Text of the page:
- a German emperor.
- an Austrian emperor.
- History/Historical. a ruler of the Holy Roman Empire.
- a person who exercises or tries to exercise absolute authority; autocrat.
Origin of kaiser
- Henry J(ohn),1882–1967, U.S. industrialist.
Examples from the Web for kaiser
Contemporary Examples of kaiser
Although new to the shipping industry, Kaiser proved a success in turning out the ships America needed.Does Ebola Need An Organization Man?
October 26, 2014
Kaiser Health News is an editorially independent program of the Kaiser Family Foundation.AIDS Patients Flock to Obamacare
April 9, 2014
Consider these numbers from a Kaiser Foundation poll from last week.Obamacare Crosses the Finish Line
March 31, 2014
This story was done in collaboration with Kaiser Health News, an editorially independent program of the Kaiser Family Foundation.Why Is the Future of Birth Control In the Hands of the Supreme Court?
Stuart Taylor, Jr.
March 20, 2014
This story was done in collaboration with Kaiser Health News, an editorially independent program of the Kaiser Family Foundation.There’s a Life Saving New Drug. But You Can’t Afford It.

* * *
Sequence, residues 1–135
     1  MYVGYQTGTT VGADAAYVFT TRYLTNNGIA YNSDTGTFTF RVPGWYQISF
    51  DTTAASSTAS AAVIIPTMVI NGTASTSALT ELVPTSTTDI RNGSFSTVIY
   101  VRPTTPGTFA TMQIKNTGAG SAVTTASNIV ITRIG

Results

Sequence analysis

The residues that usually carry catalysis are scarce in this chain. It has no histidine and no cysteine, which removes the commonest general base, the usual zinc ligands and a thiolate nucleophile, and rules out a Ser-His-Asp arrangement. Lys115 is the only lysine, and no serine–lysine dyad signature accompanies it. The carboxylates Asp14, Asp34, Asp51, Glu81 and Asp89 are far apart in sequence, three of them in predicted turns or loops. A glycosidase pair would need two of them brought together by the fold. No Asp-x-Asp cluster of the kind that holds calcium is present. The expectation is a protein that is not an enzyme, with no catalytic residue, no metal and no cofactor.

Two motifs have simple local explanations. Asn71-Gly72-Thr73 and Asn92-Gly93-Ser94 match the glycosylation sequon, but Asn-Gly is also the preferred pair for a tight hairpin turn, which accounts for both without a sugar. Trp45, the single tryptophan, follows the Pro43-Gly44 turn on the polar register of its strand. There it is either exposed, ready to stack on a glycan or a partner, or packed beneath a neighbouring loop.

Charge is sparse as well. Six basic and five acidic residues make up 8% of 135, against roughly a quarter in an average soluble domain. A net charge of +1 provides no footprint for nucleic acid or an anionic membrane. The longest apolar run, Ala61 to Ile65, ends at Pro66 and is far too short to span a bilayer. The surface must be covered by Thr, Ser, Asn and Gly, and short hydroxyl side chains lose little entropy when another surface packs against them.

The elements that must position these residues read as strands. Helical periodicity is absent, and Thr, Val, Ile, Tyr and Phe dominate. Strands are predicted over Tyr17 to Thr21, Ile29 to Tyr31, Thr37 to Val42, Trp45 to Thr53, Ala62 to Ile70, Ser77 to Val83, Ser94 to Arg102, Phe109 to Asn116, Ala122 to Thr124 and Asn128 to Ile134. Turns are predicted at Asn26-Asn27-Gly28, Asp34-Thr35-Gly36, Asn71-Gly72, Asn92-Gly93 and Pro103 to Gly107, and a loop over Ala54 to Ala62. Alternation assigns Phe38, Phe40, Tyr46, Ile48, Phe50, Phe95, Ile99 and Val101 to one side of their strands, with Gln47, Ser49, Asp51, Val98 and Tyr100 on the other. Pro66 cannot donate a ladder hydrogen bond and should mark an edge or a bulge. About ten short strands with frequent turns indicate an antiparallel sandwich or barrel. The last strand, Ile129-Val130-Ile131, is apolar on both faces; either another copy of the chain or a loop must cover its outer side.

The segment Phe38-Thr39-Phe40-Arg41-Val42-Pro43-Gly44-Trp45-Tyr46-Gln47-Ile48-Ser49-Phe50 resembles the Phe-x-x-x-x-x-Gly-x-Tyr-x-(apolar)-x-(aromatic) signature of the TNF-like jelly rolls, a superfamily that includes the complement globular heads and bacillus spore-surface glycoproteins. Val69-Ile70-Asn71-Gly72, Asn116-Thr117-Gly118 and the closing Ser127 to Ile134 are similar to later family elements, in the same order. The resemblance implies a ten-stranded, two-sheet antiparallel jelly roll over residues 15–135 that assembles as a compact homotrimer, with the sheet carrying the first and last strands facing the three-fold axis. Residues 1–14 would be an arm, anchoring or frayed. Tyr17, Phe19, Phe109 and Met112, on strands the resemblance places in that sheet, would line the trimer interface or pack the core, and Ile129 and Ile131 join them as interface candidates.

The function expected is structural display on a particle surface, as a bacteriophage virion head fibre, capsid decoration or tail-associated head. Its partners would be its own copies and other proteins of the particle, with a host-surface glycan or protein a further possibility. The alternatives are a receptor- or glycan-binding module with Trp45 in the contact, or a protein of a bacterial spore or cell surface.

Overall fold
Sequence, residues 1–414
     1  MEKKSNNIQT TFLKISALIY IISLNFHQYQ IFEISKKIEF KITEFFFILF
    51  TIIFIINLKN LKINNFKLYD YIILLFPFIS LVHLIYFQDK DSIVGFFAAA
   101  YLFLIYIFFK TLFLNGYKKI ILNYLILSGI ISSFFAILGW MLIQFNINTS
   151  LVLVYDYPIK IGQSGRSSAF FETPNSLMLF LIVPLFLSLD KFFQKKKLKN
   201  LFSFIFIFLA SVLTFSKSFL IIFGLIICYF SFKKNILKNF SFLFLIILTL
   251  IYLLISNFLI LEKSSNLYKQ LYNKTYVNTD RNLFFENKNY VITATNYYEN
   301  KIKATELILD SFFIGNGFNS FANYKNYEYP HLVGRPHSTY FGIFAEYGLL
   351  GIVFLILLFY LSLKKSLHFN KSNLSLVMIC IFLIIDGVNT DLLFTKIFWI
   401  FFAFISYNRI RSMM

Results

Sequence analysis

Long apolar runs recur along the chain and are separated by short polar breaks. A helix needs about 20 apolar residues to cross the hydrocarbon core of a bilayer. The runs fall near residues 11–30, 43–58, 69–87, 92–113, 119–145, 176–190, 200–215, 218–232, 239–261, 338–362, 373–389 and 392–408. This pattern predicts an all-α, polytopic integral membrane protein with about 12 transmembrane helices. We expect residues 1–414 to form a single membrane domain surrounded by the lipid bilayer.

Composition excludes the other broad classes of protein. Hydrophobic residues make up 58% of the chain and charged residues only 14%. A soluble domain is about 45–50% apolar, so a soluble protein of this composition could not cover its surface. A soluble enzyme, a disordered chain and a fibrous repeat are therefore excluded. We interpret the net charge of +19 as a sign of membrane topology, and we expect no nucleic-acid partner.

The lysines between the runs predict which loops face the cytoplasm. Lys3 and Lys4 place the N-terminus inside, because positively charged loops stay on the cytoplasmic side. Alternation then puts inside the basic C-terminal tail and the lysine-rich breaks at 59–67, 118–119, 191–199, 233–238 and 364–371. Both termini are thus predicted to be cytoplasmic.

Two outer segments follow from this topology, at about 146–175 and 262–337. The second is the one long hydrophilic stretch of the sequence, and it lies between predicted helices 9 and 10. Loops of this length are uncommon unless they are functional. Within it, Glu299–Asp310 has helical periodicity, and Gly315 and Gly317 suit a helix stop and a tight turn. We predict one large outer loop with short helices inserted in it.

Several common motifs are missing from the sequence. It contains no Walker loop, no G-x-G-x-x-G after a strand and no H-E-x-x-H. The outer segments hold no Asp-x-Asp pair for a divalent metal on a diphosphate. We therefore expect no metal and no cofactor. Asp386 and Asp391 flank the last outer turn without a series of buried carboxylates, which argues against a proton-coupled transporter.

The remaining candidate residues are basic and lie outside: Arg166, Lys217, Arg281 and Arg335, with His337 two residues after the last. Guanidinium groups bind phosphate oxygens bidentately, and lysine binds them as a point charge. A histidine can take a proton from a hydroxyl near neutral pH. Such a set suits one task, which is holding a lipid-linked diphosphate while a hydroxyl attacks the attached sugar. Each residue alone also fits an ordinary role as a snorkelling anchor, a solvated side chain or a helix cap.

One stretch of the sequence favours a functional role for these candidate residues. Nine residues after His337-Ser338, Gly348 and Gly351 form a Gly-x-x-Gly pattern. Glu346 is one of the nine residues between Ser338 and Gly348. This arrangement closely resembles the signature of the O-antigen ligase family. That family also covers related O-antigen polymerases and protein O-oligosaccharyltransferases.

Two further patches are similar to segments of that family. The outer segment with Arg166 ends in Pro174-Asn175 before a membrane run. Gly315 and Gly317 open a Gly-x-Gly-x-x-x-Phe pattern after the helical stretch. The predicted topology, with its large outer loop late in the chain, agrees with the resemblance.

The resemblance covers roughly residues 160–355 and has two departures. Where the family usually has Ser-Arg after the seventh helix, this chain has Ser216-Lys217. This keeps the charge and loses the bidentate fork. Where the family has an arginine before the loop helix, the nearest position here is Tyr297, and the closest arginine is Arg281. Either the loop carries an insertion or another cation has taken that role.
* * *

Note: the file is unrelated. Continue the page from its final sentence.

Kaiser Health News
February 28, 2014
Historical Examples of kaiser
But we have been led a long way from Kaiser Max and his portable monument.Albert Durer
T. Sturge Moore
It was about my friend, the Kaiser, who was present at the time.Changing Winds
St. John G. Ervine
Kaiser William, however, played his cards with consummate skill.
You can't think of everything, even if you happen to be a Kaiser.
Arrah ye'll not know Ballymurky afther the Kaiser has done with it.
- any German emperor, esp Wilhelm II (ruled 1888–1918)
- obsolete any Austro-Hungarian emperor
Word Origin for Kaiser
- Georg (ˈɡeːɔrk). 1878–1945, German expressionist dramatist
"an emperor," Old English casere, fallen from use after Middle English, but revived 1858 in reference to the German emperors of Austria and, after 1870, Germany, from German Kaiser, from Bavarian and Austrian spelling of Middle High German keisar, from Old High German keisar "emperor," an early borrowing of Latin cognomen Caesar. The Germanic and Slavic peoples seem to have called all Roman emperors "caesar" (cf. Old English casere, Old Norse keisari). Said to be the earliest Latin loan word in Germanic.